to wonder why women need special classes...(135 Posts)
...in bricklaying, plumbing, woodwork and decorating effects! Just browsing through the local college prospectus and in starter courses there they are. Specialist decorating effects, intro to woodworking skills, basic plumbing and intro to bricklaying then after listing them all they are repeated but specified For Women.
Do they have lighter bricks for our dainty little hands? Do we use hearts and flowers and fluffy bunnies for decorating effects while the men use ox bollocks as rollers ?
It smacks of let's let the little ladies think they can do these man things. Arent they funny little creatures? fnaar fnaar fnaar snort!
Maybe its less intimidating or they have them for that reason but it seems so patronising.
Katiepoes - I find women only business groups rather dated personally. I have been to a session. Never again - I got nothing out of it that couldn't have got from a mixed group but then I am happy to learn from anybody though, not just other women. I truly don't see the point but if you do fine. I just think you are giving some men even more of a reason to look down on you. There is nothing crusading in that. I don't feel the need - I just don't do not see what benefits it adds.
To me women only business groups are like toddler groups. A bit like some mothers don't like toddler groups because they don't like the premise that we should all get on just because we are all mothers (mostly) and happen to have children the same age. I don't like women only groups because the only reason we are in the same group is because we are all women which doesn't really add anything for me. If we were all in it because we had the same interests or the same type of business or any issue more focussed than just our gender I could see the point but not just because I happen to be female.
This is getting off the point of the thread though. This isn't about business groups. Mixing for business is not the same as a learning situation.
In my own field I am quite often the only woman on a course etc but that doesn't bother me at all because its an area I feel confident in.
I have seen Men only cooking and sowing courses (15 odd years ago) - I guess they were run for similar reasons.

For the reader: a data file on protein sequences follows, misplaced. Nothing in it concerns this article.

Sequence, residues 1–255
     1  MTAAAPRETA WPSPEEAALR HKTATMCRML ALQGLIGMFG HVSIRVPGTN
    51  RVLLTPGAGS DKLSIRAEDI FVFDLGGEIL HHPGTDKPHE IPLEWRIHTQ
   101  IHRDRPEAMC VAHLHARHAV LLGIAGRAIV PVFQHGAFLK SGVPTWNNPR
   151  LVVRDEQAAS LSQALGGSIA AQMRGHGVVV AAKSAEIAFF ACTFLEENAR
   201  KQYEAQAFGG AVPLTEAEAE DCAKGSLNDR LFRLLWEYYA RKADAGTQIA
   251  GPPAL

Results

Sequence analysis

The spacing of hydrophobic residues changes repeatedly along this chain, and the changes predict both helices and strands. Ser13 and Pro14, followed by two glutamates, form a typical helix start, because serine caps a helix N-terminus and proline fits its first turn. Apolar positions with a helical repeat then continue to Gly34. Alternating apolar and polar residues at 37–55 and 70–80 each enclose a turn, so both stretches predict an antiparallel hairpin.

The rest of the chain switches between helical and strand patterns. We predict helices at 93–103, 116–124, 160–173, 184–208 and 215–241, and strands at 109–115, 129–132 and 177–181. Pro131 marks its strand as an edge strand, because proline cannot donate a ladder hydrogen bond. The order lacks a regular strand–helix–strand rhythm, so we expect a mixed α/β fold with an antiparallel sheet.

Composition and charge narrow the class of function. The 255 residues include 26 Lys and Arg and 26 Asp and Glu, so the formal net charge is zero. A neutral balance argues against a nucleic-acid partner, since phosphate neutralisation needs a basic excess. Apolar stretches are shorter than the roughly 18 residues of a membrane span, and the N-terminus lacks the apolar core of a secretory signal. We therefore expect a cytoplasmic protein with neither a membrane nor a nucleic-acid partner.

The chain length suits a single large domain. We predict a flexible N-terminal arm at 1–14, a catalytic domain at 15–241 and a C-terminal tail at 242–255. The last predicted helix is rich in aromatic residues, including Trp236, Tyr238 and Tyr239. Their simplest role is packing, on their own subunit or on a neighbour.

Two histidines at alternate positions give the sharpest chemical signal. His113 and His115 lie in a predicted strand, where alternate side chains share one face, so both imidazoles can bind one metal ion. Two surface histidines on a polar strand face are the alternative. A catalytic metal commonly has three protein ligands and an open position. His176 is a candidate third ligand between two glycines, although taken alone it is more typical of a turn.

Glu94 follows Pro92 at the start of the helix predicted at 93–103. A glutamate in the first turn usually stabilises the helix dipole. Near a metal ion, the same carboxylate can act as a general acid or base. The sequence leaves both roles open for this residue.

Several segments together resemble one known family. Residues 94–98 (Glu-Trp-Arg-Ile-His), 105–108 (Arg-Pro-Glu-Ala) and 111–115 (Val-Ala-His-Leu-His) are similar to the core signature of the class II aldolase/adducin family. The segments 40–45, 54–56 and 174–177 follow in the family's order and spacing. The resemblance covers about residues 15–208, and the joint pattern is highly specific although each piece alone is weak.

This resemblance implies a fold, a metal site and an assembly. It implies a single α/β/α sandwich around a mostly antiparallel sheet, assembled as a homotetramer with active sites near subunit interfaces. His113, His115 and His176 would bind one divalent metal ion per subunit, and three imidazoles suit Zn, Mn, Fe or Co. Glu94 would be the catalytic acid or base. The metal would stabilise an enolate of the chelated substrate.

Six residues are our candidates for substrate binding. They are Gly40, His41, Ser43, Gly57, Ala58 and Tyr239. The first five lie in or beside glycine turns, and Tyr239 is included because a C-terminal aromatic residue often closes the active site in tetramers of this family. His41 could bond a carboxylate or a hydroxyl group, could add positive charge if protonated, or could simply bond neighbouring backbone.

<<I think I'd join up for the women only one too, I just want to learn to put up a shelf without having to (potentially) pull my coursemates up on every twattish thing they say.>>
^^ This was exactly why I took women only courses in basic woodworking and car maintenance. Sometimes you just want to learn to change a tyre, not deliver a seminar in equality.
Actually, the men I found most problematic were not the young and mouthy ones but the older ones who felt obliged to
take over try and help because 'you're just a young lady and don't want to get yourself dirty'. Smiling whilst hanging on to your wrench and insisting that you're fine is very tiring and at 21 I had enough on my plate trying to modernise my dad's well meaning but misogynistic thinking without taking on the rest of Yorkshire as well.
The area of IT I work in, women certainly don't make a proportional contribution in terms of numbers - I have often been the only one, and certainly always a minority.
I don't agree, can't remember where all I've read about it
What a fantastic article! So I've been "groomed for assertiveness since birth"? Wonderful, I'll tell my therapist that I'm cured, I never had a problem and I don't need her help any more.
It's just more sexist rubbish reinforcing boundaries rather than removing them.
Maybe I just work in a more progressive environment than those observed in the study, but the areas of IT, sales and relationship management that I've been involved in women have made at least proportional contributions (in terms of numbers), if not more.
I currently work in a female-dominated environment and I would be interested to see what a study said about those situations.
"After you have the qualification you have a lifetime to sort gender battles out.
On a course, then all i want to do is concentrate and get the work done"
Me too. That was back in the 80s.
I was going to agree with Someone further back. It's about the learning environment. You can battle sexism once you have learned your skill
In some ways, I think I was v lucky to go to a single sex secondary school. I was v taken aback when I got treated differently just because I was a girl, and challenged it. I think school probsbly set some values and expectations which may not have been so strong in a mixed school. So yes, I guess I see the value in women only evening classes.
EBearhug the girls in my 5th form (hah, that ages me) physics class did our own research on that one.